his own lawyer, he would be charged for a more serious offence.
The lawyer appointed
by Sukma's sister, Ganesan a/l Karupanan, attempted to meet Sukma
during his detention on numerous occasions but was not allowed
to do so.
tendered Sukma's confession "in mitigation of sentence"
in respect of a charge of gross indecency where he pleaded guilty.
He was sentenced to 6 months' imprisonment on 19 September 1998.
According to Sukma, his plea of guilty was not voluntary and was
induced by the authorities.
leaving aside the substantive defences of alibi, political motivation,
character assasination and conspiracy to fabricate evidence against
Anwar and Sukma, any reasonable, apolitical observer of the sodomy
trial would have concluded that there was reasonable doubt raised
against Azizan's allegations. The unusual circumstances surrounding
Sukma's earlier charge of gross indecency and his confession lends
further suspicion to the authenticity of the allegations against
Anwar and Sukma at the sodomy trial.
was a real threat to the establishment. This explains the improper
motivation for the charges made against him. Ask any taxi-driver
or man-on-the-street in Malaysia and few will deny that the charges
were politically motivated. To lend a semblance of credibility,
a stranger to politics had to be sacrified and Sukma the lamb.
sodomy chronicles from the High Court to the Federal Court illustrate
that the law and legal principles, however sound, can be politically
prosecutors are not free from blame either. Anwar's complaint of
political persecution and conspiracy to frame him with trumped-up
charges is to a large extent vindicated by the strong general statements
of the Federal Court.
he conducted the proceedings, in particular the interrogation
of the appellant and the speedy finding of guilt without even
allowing the appellant to call any witness, gave the picture that
he was behaving as though he was acting as counsel for the two
prosecutors in the motion."
statements have to date not been refuted or expunged from the records.
The Federal Court went on to hold that the evidence filed by Anwar
that the prosecutors had attempted to fabricate and obtain false
evidence disclosed a prima facie case justifying the application
to disqualify them. This case also illustrates how the High Court
took it upon itself to shackle Anwar and his defence team from advancing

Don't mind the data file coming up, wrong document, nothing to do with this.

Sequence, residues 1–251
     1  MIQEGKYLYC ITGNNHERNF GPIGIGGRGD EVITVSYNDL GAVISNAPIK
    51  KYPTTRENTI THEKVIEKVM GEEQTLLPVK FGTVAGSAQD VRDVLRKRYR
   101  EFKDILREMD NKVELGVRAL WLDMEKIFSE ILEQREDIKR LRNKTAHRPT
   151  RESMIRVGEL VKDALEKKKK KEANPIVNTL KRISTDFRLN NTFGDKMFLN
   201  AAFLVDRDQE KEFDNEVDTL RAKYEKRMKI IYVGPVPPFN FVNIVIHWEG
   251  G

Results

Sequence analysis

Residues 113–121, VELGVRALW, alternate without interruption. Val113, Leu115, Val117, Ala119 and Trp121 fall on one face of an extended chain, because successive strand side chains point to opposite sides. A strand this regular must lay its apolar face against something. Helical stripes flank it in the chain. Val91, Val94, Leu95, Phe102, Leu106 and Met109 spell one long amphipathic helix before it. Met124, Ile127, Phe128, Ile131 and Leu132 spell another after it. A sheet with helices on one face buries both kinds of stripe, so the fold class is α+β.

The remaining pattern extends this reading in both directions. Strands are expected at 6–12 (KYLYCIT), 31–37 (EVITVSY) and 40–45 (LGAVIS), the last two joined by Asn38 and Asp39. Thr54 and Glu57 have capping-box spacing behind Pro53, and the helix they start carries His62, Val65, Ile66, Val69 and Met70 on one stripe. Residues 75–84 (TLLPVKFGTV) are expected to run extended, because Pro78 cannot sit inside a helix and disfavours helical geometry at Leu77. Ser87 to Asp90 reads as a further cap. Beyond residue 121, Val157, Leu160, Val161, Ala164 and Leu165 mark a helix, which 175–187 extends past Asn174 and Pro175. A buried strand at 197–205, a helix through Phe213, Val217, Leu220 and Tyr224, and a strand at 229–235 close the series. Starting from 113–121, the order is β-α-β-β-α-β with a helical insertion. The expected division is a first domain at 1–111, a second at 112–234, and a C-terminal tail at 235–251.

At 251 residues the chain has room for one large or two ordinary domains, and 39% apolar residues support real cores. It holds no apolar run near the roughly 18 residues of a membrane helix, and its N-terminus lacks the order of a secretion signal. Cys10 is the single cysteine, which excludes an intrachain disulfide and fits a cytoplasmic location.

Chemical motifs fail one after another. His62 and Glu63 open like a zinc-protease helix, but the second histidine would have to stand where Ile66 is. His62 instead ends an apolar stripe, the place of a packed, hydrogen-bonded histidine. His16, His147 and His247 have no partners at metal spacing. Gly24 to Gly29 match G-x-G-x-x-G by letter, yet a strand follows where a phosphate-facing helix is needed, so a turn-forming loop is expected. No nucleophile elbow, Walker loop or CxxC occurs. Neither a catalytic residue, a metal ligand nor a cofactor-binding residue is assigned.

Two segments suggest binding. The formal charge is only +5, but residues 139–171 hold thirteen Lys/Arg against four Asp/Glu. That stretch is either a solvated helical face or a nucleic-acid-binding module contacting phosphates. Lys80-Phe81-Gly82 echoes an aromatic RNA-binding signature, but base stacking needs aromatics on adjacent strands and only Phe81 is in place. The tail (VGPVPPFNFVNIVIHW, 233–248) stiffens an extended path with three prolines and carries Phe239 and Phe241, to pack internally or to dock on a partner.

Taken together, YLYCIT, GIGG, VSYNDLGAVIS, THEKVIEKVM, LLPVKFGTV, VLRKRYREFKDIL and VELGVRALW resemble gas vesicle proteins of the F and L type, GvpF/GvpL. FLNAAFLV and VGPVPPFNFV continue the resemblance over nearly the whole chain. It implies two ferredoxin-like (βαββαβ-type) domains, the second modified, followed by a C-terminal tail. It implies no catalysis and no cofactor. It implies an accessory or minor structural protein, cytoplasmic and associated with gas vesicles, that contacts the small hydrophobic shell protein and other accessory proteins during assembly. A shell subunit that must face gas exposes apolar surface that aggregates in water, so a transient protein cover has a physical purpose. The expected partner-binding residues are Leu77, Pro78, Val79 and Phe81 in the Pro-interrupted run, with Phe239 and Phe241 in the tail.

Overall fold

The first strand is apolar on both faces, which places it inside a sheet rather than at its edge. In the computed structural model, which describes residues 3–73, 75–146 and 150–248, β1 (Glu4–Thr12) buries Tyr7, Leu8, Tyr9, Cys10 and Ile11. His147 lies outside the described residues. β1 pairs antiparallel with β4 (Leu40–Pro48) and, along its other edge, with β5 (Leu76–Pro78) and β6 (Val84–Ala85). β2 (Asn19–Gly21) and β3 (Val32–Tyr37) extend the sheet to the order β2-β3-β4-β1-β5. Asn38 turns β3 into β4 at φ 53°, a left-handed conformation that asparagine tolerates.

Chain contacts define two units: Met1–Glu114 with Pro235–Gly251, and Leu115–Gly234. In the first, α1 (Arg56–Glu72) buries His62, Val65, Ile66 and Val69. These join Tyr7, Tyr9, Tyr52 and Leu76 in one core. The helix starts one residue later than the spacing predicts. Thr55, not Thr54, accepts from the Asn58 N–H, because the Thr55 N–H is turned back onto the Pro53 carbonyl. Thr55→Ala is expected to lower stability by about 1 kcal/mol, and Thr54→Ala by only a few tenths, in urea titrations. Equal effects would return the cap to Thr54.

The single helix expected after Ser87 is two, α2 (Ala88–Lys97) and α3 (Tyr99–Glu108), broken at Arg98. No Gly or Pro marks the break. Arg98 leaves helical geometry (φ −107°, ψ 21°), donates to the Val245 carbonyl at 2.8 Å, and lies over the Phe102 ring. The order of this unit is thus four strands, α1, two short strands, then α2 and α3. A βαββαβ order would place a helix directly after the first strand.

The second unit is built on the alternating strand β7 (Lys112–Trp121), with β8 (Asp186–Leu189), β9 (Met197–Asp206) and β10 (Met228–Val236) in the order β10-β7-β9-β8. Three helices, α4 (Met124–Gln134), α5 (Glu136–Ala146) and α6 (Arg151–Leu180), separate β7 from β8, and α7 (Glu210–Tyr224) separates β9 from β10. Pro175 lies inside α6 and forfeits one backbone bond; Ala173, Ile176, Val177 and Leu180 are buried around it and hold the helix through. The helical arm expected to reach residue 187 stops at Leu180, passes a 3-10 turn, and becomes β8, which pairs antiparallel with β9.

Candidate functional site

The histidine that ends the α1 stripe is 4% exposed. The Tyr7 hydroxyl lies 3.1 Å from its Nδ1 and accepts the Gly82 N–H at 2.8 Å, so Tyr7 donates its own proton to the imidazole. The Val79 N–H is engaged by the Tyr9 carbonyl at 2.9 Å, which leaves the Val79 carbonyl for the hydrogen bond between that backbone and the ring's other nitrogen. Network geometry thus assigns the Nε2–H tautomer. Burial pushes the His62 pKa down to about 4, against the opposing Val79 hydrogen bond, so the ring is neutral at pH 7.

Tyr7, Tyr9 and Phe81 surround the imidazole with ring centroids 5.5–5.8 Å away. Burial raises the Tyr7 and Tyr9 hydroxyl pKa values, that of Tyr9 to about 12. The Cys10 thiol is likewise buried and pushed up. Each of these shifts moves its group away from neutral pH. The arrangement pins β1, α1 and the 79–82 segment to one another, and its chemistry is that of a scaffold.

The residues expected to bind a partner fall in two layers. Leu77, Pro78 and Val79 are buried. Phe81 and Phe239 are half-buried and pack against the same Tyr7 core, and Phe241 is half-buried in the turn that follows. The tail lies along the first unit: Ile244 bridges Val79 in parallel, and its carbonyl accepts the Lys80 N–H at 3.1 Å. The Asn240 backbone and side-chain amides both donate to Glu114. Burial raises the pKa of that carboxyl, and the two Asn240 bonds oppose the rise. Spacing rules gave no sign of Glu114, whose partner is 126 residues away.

the best possible defence available to Anwar.
appearance of complicity between the judiciary, police, prosecutors
and a lawyer (Don) shows how the legal process can be abused to
produce unfair trials and convictions. It is precisely for this
reason that the International Bar Association's Minimum Standards
of Judicial Independence (1982) defines substantive independence
of the judiciary. to mean that when discharging his/her judicial
functions, a judge should be subject to nothing but the law and
the commands of his/her conscience while discharging his/her judicial
also have the vital duty to uphold the dignity of their office .
They are not to initiate or continue prosecution when an impartial
investigation shows the charge to be unfounded. They are to refuse
to use evidence obtained through unlawful methods that constitute
a grave violation of the suspect's human rights, especially methods
involving torture or cruel, inhuman or degrading treatment or punishment.
They should be able to take the necessary steps to ensure that those
responsible for using such methods be brought to justice. Sukma's
confession is a case in point.
and Sukma did not have a fair trial in accordance with international
human rights standards. The standpoint of the accused is relevant
in deciding this. The test is set out in the case of Incal v. Turkey
 ECHR 48 (9 June 1998):
whether there is a legitimate reason to fear that a particular
court lacks independence or impartiality, the standpoint of the
accused is important without being decisive. What is decisive
is whether his doubts can be held to be objectively justified."
Federal Court's decision to acquit was correct. But it is arguable
that the underlying motivation for the decision is purely "legal".
The judiciary was sadly torn apart in 1988. Contrary to popular
belief , the Federal Court's decision does not mark the rebirth
or rejuvenation of the judiciary. The decision freeing Anwar was
merely a decision that should have been given by the High Court
some five years ago.
and Sukma are free at last. There is doubt however whether the institutions
and other actors who played a vital part in the sodomy chronicles
will ever be truly free of unfair politicisation.